I hold two fingers to my head,
trigger my thumb, I say pow.
I slice my throat with a single stroke,
pull an invisible blade
vertically along my vein.
Remember the deaths we did together?
Twiddling oven knobs in the air
then thrusting our chins to inhale?
I loved you so much
during that experimental play
when you slowly leant forward to nick
your femoral artery then quietly
bled out in your seat until curtain call,
blood only we saw.
As well as death, we’d mime marriage.
I’d slide on a spectral ring
and you’d shiver at the thrill
of my thumb and fingertip
sealing the deal for a second till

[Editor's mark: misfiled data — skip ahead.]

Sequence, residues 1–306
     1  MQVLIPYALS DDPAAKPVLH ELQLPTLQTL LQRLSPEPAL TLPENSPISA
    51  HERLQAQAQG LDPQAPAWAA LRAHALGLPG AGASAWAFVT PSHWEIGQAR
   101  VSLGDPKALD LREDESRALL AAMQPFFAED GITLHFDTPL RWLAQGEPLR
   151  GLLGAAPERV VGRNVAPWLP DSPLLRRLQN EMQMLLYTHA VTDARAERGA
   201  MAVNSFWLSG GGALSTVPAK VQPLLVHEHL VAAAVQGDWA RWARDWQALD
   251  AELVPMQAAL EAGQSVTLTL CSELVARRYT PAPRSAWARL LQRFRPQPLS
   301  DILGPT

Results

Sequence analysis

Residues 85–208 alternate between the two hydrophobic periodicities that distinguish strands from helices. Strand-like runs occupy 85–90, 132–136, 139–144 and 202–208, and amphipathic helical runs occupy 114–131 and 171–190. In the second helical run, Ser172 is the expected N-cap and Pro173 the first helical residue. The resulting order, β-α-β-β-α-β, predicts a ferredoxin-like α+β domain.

the thought melted back into your skin.
I am proficient at beginnings,
the Air Year: the anniversary prior to paper
for which ephemeral gifts are traditional.
Only after our rings became solid
silver did they truly disappear.
Now the house is a mime scene.
Mime blood all over the floor,
trodden into carpet fibers,
shirts, bras, dried to an airy crust
under my nails. I slit
my neck at the traffic lights,
pow on the train, I suspend
my non-knife above my head,
“see what you’re making me do.”
Red whirls rise from the cuts.
All these huge thoughts come to
nothing. My shadow is
the chalk outline of a woman
who did not jump.